3 LinkedIn Profile Settings You Probably Don't Know About But Should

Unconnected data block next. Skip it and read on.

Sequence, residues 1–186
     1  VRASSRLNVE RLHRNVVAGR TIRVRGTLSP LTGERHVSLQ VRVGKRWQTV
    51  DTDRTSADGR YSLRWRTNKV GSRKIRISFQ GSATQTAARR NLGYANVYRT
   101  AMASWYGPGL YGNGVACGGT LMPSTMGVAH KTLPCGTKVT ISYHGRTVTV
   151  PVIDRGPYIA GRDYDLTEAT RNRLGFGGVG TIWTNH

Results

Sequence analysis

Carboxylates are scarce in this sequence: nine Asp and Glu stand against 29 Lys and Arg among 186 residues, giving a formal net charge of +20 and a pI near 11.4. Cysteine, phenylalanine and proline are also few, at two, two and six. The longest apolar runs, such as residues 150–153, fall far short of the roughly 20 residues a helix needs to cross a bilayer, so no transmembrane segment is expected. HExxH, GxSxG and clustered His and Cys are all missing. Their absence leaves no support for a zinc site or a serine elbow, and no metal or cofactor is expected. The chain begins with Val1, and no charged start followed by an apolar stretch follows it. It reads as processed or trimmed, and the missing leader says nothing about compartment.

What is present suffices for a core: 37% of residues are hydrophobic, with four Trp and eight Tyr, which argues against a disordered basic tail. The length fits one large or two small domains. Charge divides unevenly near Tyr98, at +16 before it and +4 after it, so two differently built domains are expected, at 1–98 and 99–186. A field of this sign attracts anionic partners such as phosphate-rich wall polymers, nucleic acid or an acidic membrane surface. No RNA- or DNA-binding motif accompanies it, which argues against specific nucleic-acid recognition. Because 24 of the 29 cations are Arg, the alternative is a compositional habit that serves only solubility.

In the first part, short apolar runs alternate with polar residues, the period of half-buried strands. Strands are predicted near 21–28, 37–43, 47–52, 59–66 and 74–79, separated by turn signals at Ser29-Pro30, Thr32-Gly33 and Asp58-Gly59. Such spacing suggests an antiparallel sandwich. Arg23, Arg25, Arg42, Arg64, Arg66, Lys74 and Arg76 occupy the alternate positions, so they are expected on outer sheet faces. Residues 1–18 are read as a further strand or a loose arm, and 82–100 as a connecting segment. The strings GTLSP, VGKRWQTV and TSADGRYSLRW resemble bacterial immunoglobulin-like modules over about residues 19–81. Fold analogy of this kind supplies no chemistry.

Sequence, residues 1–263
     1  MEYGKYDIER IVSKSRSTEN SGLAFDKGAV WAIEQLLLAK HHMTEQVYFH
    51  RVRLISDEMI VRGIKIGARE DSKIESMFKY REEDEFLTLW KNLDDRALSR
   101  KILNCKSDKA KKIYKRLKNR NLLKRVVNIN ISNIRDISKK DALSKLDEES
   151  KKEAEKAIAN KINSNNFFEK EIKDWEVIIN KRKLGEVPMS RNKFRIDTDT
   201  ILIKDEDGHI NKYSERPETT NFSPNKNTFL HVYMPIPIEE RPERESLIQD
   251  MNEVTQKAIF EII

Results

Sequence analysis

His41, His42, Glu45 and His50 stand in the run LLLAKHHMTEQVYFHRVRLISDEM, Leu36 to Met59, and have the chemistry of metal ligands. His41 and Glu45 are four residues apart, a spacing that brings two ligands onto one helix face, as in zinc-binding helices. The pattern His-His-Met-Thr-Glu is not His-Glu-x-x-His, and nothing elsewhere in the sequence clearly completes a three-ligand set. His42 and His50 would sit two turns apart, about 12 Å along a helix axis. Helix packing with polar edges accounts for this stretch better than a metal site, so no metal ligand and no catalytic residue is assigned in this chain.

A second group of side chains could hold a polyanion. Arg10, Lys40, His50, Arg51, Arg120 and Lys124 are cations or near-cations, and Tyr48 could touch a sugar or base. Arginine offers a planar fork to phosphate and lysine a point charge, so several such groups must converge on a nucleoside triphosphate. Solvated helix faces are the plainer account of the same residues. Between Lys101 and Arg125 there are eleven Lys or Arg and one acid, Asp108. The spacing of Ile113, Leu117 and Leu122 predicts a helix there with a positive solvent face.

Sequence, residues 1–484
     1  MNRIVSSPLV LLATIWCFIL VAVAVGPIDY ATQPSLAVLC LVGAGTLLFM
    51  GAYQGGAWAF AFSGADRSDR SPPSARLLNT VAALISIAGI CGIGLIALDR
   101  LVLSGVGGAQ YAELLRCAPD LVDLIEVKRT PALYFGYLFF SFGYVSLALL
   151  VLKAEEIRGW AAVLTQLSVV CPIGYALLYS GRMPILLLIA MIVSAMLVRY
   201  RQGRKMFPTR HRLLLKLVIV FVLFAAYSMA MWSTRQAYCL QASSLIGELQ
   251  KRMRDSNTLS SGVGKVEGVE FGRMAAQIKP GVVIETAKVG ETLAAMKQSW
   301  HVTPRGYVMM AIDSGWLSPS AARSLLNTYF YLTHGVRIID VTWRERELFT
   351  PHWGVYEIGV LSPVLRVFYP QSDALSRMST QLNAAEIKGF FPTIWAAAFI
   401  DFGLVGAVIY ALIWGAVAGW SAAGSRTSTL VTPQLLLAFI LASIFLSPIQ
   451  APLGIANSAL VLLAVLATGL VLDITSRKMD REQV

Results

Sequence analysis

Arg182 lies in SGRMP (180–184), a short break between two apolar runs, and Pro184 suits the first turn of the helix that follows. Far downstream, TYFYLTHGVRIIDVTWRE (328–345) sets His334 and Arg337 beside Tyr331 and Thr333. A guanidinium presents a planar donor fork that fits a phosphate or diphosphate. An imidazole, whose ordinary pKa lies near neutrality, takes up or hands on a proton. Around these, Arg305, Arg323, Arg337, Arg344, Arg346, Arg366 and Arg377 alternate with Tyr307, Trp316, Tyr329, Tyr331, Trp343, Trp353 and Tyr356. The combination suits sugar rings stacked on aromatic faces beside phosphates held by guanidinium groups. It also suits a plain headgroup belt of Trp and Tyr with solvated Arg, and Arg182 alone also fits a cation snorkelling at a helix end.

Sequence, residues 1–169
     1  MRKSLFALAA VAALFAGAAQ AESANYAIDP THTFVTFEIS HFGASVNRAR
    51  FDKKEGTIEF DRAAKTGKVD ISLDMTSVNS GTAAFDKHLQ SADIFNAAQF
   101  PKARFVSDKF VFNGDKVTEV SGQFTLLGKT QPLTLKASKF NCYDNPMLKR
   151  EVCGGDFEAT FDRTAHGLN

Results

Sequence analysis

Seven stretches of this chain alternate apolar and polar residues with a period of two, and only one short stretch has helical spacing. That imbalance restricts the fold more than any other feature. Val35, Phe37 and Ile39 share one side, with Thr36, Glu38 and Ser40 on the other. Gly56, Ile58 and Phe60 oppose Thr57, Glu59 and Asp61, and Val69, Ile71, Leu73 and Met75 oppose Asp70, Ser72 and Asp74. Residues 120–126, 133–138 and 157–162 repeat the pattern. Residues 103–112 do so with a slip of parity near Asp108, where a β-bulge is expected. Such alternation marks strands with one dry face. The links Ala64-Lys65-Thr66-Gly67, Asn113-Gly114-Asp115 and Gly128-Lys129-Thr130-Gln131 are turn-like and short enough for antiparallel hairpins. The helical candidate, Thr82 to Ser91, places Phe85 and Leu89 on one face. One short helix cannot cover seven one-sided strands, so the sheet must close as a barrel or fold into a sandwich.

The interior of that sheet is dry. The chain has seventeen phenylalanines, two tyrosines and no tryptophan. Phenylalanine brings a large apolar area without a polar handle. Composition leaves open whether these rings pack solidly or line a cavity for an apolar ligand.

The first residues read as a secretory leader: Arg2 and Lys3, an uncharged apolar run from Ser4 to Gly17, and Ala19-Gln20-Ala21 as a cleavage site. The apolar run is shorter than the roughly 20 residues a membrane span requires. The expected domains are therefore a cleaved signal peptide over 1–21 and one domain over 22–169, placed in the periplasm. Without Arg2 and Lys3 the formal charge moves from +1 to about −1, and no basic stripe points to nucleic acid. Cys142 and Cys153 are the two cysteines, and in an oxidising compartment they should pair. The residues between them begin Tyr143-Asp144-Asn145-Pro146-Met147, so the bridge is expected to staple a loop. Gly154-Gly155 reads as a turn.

Why are we even talking about social media in the context of job search? Simple! Recruiters are using social media to find talent. In fact, several surveys in the last few years point to a very high percentage of recruiters using social media. Adding to this trend, LinkedIn's API has now made it even easier for recruiters to access fresh talent via some powerful recruiting software tools. My philosophy is if you want to make a sale, step into the shoes of your customer. Translation: If you want to land a job, understand how recruiters do their jobs. Then adjust your job search strategy so that you pop up on their radar. The shift here is that LinkedIn's own search capabilities are being used less as more advanced technologies emerge, making recruiting much easier for professionals. If you are still keyword packing, get with the program. LinkedIn is a whole different animal. Keyword packing and most of those SEO tricks for your LinkedIn profile are yesterday's news. There are four main elements that you now need to optimize for. And they are much different then before. (Yes, these are even new updates since my book, Job Searching with Social Media for Dummies came out. 1. For the Passive Search: Bigger IS Better When you look at software such as Bullhorn Reach, you'll notice that primed candidates pop up based on the user's own social network. This means that if you are connected to that recruiter, and you just lost your job, added a hot job title, or otherwise did something to your profile, you'll pop up. Don't believe me? Watch this YouTube video and pay particular attention to minute 1:50. Many of these advanced social recruiting tools deliver search results for the recruiters based on that person’s individual network. Yep. Essentially, if you are not in a recruiter's network, you are not likely to show up in search results. So how many recruiters do you have in your network? 2. Location, Location, Location Another essential factor in whether or not you come up in a recruiter's search is your LinkedIn profile location. It would be a mistake to be too general (like “USA”), but it would also be a mistake to enter your current location if you want to move. If you are looking for a job in Nevada (god knows why!) and you live in North Carolina (okay, lots of sun too), you need to put your DESIRED location in your LinkedIn profile – even though you don't currently live there. Think about how a job board works. You are asked two things: where you want to look for the job and what you want to do. Right? This is exactly how recruiters use their specialized software. They get hired to fill positions, or they are corporate recruiters and are looking for local talent. So they use zip codes to filter names from their list. Be sure your LinkedIn location settings are where you want them to be. 3. Skills to Pay the Bills Did you remember getting an email from LinkedIn a while ago asking you to fill in your Skills for your profile? I'll bet you did, but you probably deleted it with your spam. That was a mistake. Here's why: “Skills” in LinkedIn are set up like tags. You can have multiple skills to tag yourself with, but you can have only one or two industries and only one job title. Many software packages include a skills filter for their LinkedIn searches. Why? Because when a company or hiring manager talks to a recruiter, they aren't always writing clear job descriptions. Often, recruiters have to write or re-write the job description or even guess at what type of person is needed to fulfill a role. So all they have to work with is a list of random skills and they need to go out there and find people with those skills. Remember in the movie Taken, with Liam Neeson? When they kidnap his daughter, he says, "I have a very particular set of skills, skills I've acquired over a very long career." Well, go to your LinkedIn profile and tell the world what very particular skills you have acquired over your career. Joshua Waldman helps frustrated job seekers leverage social media to find work FAST! He is the founder of CareerEnlightenment.com and the author of the new book, "Job Searching with Social Media for Dummies." Sign-up » for his newsletter today and get access to his exclusive training videos for FREE. Read more » articles by this approved career expert | Click here » if you’re a career expert Find out image from Shutterstock